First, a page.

“Did you sit on a throne? Ma, did you?”
Turned the pages to see the flower adorned red velvet-breasted chair. I was always ready to get married to sit on that throne.
“Like a Queen!” I whispered.
She heard and said more to herself than to me, “For one evening!”
There was something stuck on those words which teased me to probe further but I knew it wasn’t time yet.
“Was dad a handsome groom!” I looked up from the album to see her face.
“What do you think?” She asked back, smiling the same unnerving smile.
I could see dad grinning on the photograph and looking back at me. This young man doesn’t look like my dad but I knew that was ‘him’ alright. He, a naïve young man from a small town with sandal wood paste dotted on his eyebrows almost making him comical, trying to manage the ‘dhoti’ in one hand and the other holding the ‘topor’, the triangular hat which he had to wear later in the evening in midst of hundreds of unknown eyes. My heart melted for him.
“Of course he was!”
There was a challenge thrown back to her.
She laughed out loud and said, “বাবার চামচা!!” (Dad’s girl!!)
All girls are! Their dads remain their heroes till another man in an equally hilarious hat walks into their lives one evening with the melancholy tune of the ‘sanai‘ washing the afternoon lights and the smell of ‘Rajanigandha‘ (the tuberose flower) lingering on the night sky.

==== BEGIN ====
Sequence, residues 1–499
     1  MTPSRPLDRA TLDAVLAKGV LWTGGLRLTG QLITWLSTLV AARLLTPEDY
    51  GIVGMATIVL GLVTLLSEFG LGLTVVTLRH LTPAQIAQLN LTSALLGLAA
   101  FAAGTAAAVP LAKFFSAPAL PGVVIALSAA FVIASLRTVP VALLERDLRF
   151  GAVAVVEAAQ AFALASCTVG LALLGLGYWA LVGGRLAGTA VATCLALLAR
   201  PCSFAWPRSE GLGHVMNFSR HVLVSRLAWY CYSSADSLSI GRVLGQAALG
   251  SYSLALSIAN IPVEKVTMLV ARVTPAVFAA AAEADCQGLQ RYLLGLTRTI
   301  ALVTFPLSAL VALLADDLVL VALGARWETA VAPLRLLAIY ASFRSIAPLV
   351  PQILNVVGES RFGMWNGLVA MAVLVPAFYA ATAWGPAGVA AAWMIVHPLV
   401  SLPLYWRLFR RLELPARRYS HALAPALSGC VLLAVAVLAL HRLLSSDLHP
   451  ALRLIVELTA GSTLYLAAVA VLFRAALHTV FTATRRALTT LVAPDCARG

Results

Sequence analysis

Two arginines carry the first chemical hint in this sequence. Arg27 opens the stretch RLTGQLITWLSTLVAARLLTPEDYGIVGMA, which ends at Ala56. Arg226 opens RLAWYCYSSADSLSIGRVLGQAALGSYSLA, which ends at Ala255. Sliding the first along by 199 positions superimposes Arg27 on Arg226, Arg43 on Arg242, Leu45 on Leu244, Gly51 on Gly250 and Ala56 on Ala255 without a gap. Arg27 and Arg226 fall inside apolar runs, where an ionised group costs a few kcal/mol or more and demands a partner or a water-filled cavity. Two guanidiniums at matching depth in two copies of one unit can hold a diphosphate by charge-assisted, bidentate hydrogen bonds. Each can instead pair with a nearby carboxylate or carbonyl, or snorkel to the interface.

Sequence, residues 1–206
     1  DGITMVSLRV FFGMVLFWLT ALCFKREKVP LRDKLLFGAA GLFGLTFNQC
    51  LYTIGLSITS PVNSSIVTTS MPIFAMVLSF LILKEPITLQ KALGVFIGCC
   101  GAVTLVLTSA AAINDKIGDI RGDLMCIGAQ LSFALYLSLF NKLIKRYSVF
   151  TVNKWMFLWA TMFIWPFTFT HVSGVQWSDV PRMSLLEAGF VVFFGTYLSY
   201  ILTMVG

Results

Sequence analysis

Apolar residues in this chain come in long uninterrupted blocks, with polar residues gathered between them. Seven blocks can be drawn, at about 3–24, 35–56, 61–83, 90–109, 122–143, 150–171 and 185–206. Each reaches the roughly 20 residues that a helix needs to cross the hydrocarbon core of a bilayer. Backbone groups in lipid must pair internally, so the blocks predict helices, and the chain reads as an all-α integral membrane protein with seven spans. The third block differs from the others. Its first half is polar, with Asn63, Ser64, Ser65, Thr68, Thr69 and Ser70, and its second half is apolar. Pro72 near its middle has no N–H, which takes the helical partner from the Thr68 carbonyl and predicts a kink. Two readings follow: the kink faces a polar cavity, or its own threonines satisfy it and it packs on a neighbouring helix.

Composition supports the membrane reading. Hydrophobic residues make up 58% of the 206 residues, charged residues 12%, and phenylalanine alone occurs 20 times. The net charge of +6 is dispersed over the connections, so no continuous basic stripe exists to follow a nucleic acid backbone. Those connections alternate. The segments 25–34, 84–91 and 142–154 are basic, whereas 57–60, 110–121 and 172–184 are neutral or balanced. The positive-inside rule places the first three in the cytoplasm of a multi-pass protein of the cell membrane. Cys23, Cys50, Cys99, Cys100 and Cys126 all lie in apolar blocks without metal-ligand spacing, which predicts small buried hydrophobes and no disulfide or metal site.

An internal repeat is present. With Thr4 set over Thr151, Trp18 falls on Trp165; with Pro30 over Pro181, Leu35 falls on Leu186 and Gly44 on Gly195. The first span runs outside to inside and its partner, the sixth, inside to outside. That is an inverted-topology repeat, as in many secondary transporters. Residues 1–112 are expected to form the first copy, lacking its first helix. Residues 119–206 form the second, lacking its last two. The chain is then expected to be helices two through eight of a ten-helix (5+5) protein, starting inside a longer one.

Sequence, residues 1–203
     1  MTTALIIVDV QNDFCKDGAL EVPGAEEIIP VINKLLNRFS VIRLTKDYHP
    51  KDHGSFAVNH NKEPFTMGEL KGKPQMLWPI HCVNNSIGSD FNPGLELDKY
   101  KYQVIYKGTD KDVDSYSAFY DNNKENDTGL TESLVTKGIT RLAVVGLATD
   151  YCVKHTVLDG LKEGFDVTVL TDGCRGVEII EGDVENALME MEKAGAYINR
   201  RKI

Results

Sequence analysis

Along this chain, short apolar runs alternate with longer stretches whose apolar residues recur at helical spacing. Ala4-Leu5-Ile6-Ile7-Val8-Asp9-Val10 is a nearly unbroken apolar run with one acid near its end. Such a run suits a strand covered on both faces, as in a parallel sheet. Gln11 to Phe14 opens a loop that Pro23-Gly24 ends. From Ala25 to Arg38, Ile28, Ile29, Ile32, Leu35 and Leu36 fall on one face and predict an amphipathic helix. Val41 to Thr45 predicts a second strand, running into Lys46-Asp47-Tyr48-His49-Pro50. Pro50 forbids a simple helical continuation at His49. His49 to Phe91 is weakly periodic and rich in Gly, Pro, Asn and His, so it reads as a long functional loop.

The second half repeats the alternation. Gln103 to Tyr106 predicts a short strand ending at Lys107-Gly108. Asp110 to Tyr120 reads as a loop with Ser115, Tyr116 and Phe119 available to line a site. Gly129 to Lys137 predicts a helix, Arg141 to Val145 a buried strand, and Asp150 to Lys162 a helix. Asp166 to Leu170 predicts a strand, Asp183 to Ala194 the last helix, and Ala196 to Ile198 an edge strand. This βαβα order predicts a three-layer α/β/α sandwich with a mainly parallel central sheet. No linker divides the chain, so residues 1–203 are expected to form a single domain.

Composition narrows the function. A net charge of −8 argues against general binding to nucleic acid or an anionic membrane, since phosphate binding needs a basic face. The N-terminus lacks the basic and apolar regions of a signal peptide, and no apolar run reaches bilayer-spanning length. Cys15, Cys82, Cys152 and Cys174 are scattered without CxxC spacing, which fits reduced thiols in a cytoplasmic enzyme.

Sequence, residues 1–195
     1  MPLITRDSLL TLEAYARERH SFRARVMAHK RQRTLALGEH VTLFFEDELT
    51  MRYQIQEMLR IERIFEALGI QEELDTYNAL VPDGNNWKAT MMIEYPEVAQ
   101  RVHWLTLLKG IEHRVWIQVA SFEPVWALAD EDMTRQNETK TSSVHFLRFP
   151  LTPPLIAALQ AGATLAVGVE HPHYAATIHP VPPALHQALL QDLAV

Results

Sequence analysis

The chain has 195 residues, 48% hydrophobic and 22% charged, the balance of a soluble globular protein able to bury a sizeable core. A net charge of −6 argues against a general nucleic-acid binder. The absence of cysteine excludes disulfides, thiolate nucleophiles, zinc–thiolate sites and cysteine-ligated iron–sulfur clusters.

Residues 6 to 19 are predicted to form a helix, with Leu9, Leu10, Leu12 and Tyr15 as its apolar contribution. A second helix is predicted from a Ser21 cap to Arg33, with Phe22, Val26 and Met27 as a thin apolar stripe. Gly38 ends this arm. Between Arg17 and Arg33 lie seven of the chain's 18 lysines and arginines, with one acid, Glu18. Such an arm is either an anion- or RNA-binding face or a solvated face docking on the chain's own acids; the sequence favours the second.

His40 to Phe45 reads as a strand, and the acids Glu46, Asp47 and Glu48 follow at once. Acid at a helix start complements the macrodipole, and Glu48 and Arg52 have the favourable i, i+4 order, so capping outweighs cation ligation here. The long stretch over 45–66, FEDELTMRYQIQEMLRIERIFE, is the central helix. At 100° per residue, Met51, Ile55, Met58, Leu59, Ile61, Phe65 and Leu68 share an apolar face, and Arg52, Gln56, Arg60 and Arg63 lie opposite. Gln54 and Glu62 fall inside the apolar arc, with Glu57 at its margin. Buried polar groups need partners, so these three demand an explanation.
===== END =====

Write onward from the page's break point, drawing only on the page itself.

(Artwork: Piu Mahapatra)
We are editorially independent, not funded, supported or influenced by investors or agencies. We try to keep our content easily readable in an undisturbed interface, not swamped by advertisements and pop-ups. Our mission is to provide a platform you can call your own creative outlet and everyone from renowned authors and critics to budding bloggers, artists, teen writers and kids love to build their own space here and share with the world.
When readers like you contribute, big or small, it goes directly into funding our initiative. Your support helps us to keep striving towards making our content better. And yes, we need to build on this year after year. Support LnC-Silhouette with a little amount - and it only takes a minute. Thank you
Got a poem, story, musing or painting you would like to share with the world? Send your creative writings and expressions to firstname.lastname@example.org
Learning and Creativity publishes articles, stories, poems, reviews, and other literary works, artworks, photographs and other publishable material contributed by writers, artists and photographers as a friendly gesture. The opinions shared by the writers, artists and photographers are their personal opinion and does not reflect the opinion of Learning and Creativity- emagazine. Images used in the posts (not including those from Learning and Creativity's own photo archives) have been procured from the contributors themselves, public forums, social networking sites, publicity releases, free photo sites such as Pixabay, Pexels, Morguefile, etc and Wikimedia Creative Commons. Please inform us if any of the images used here are copyrighted, we will pull those images down.